February Concepcion to Frutillar


The trip continued along the edge of the Andean Mountains through beautiful farmlands and the goal of the Day was to reach Frutillar a well-known holiday destination with old german history.


Frutillar is a city in southern Chile’s Lake District, with views of Osorio Volcano. It sits on the western edge of vast Llanquihue Lake, and has black sand beaches. German-style wooden buildings characterize the town, reflecting its colonial past.


The city of Frutillar was founded by Vicente Pérez Rosales in 1856, after a period of clearing up the land and upon the arrival of German settlers from Hamburg in 1852 and other cities of Germany in sailing ships to the ports of Valdivia and Puerto Montt.

Vicente Perez Rosales on a later expedition towards the south of Valdivia changed the course of the incoming colony to Lake Llanquihue.

Rosales was searching for more land for the German settlers, south of Valdivia, as many sailing ships were arriving to the port of Valdivia from Germany sent by Bernardo Philippi under the official colonisation program of Southern Chile.

This program was granted by President Manuel Bulnes and executed by president of Chile Manuel Montt naming officially Vicente Perez Rosales the head of the German colonisation of Llanquihue, as a continuation of the initial efforts done by Bernard Philippi.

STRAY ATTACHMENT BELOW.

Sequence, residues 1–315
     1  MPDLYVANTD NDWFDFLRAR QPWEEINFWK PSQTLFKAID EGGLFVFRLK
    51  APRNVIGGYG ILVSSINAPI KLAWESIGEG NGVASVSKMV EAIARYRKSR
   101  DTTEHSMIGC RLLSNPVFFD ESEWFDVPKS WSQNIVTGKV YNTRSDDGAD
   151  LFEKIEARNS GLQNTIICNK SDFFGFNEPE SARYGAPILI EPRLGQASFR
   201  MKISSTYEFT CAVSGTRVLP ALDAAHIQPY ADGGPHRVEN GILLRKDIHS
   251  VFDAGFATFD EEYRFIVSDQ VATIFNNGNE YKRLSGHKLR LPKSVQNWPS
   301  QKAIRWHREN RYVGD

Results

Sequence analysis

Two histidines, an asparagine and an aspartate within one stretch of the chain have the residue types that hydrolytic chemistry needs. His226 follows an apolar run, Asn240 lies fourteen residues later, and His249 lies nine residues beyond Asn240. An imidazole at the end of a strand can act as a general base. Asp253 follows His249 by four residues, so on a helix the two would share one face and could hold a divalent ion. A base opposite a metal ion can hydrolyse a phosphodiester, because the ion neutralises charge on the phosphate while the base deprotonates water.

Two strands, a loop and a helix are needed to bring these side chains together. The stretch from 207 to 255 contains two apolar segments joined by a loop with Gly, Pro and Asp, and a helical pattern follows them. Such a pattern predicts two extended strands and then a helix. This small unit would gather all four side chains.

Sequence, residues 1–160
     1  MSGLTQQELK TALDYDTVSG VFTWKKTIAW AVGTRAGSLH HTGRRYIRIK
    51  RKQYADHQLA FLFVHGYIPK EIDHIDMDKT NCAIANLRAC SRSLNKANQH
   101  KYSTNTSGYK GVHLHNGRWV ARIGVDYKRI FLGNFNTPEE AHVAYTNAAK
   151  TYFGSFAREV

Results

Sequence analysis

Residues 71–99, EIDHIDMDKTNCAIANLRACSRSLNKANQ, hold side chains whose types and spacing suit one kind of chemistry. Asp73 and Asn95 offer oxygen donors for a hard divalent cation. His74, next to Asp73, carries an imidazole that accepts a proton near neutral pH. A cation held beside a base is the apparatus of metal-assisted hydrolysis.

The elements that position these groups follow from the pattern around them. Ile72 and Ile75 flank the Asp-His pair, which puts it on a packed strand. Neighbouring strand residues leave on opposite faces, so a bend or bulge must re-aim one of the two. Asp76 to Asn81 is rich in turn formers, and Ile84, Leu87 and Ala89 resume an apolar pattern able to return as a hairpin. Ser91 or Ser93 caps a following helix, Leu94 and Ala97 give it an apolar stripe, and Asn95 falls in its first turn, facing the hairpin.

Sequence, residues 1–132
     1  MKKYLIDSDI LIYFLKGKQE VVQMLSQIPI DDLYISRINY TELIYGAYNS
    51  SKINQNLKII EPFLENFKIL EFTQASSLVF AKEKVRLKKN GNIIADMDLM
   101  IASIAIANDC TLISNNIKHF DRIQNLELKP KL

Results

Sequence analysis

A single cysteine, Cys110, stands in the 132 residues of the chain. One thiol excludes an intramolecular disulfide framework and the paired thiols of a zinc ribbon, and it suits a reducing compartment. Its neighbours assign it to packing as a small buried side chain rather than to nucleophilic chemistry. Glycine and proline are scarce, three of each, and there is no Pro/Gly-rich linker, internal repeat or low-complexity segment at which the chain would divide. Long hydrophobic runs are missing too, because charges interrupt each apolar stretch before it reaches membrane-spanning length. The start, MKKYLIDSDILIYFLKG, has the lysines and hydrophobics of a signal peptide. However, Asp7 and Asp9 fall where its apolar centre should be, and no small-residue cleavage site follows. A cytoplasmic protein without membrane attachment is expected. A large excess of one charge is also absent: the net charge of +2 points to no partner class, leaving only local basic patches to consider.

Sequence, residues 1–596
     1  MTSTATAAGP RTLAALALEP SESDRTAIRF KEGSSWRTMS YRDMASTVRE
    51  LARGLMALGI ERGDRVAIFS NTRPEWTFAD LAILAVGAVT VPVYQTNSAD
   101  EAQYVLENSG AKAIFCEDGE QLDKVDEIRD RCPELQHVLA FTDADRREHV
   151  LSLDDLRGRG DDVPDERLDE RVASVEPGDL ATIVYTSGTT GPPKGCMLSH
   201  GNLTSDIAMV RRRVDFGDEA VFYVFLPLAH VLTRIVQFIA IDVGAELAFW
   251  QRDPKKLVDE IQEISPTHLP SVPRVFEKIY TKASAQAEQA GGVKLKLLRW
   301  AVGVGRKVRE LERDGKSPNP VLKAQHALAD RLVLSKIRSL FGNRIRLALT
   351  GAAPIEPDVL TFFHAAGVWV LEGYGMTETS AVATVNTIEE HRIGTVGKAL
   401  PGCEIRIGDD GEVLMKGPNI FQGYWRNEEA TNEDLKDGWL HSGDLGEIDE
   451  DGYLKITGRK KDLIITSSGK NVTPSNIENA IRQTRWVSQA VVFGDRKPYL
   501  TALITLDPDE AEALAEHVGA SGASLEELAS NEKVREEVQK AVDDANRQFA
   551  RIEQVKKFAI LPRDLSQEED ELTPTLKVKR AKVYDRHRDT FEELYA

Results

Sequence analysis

The german influence in this area was present all over with farmhouses and residential houses showing clearly some german architectural influence and the boys were looking forward to possibly some great german food and beer.


On arrival in town they however realised that the german of the years gone by is only reflected in buildings and the german language has long been lost and hardly anyone in this town could even speak English but every now and then some german signs popped up and the old german settlers must have loved their cakes as every second shop advertised “Kuchen” (the german word for Cake) with big exhibits of all sorts of Cakes.


German architecture can be seen all over Frutillar


Lots of names which must have originated from the german settlers
Traditional german cakes and great tasting german beer


German settlers started coming to this area in the 1800s. It started with nine families at the bank of the Bueno River. The man behind the growth and development of Frutillar was the German-born Bernard Eunom Philippi. He was a sailor, military man, and traveller. Frutillar main street is named after him.

Most immigrants who came to this region were farmers, craftsmen, and merchants from the Hessen, Schlesien, Wurttemberg, Bohmen, Westfalen, Brandenburg and Sachsen regions in Germany. They settled along Lake Llanquihue and in Frutillar.


From Frutillar one can have a clear view of the volcano Osorno


Osorno is one of the most active volcanoes of the southern Chilean Andes, with 11 historical eruptions recorded between 1575 and 1869. The basalt and andesite lava flows generated during these eruptions reached both Llanquihue and Todos los Santos Lakes. The upper slopes of the volcano are almost entirely covered in glaciers despite its very modest altitude and latitude, sustained by the substantial snowfall in the very moist maritime climate of the region.



Day 41 – 25nd February – Concepcion to Frutillar